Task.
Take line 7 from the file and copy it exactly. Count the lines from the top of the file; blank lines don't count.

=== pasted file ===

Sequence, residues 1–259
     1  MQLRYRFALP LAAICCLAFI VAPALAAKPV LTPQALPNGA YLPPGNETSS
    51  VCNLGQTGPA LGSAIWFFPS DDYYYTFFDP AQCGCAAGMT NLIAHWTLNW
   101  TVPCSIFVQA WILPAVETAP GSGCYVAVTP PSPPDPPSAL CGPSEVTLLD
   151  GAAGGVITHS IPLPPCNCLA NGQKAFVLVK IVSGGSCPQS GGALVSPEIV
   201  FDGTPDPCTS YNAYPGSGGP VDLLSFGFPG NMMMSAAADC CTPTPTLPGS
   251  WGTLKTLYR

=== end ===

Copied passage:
   251  WGTLKTLYR